Workplace safety is often overlooked. However, many New Yorkers work in factories, on construction sites and in other unsafe areas. The truth is that a work-related accident can happen to any employee at any time. The main mission of the Occupational Safety and Health Act is to keep work sites accident free, and with help from employees and employers alike, this goal can be accomplished.
OSHA offers rights to employees regarding workplace safety and, at the same time, places obligations on the employers to provide safe working environments. Employees have the legal right to review previous violations at their place of work. These may be related to injuries or illnesses. Workers also have the right to receive information about OSHA standards and laws and how to apply them to their work duties. They may also request an inspection of their worksite if they have concerns. Their request is confidential, and they cannot be fired or retaliated against by their employer in any other way for making a complaint.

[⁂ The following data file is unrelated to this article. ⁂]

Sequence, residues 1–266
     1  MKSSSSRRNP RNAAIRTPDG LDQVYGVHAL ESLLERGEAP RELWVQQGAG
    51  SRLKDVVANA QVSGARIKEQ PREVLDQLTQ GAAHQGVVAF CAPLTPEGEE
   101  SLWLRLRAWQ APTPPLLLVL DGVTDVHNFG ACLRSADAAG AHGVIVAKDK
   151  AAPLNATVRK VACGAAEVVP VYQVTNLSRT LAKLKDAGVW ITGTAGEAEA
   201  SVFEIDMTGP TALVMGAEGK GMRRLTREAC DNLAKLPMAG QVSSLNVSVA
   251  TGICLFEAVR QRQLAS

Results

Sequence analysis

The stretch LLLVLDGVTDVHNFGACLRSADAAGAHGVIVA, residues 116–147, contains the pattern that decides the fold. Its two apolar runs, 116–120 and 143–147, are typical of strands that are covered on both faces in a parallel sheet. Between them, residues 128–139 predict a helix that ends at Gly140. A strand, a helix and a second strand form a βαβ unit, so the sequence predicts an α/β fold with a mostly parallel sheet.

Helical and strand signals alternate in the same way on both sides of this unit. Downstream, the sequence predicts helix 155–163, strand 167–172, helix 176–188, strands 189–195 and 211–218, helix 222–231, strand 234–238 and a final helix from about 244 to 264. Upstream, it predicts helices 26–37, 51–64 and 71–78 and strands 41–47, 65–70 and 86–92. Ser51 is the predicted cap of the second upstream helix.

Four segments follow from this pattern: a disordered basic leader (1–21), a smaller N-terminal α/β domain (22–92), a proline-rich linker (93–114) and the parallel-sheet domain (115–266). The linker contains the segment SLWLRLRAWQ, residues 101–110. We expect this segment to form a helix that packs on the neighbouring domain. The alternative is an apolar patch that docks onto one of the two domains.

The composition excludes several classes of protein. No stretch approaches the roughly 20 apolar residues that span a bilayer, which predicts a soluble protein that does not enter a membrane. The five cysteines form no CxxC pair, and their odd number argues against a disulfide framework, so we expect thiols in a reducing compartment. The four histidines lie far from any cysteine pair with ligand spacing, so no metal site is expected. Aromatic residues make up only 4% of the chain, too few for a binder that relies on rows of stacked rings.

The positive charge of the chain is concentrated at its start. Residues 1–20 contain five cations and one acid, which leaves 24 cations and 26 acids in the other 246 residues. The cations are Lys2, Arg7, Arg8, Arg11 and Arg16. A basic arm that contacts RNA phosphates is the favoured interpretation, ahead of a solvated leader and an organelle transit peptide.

In accordance with OSHA regulations, employers have the obligation to provide employees with a safe working environment. Although it may be impossible to avoid all hazards, if hazards are found, employers must remove them as quickly as possible. If they cannot be removed, workers must be provided with safety equipment.
Workplace safety should be the main priority for employers. Hazards can lead to accidents, injuries and even death. This further results in monetary losses due to reduced productivity, workers' compensation benefits and lawsuits. Companies can also receive citations for violations and be forced to pay hefty fines for noncompliance.
Source: FindLaw, "Workplace Safety: OSHA and OSH Act Overview," Accessed on Sept. 11, 2014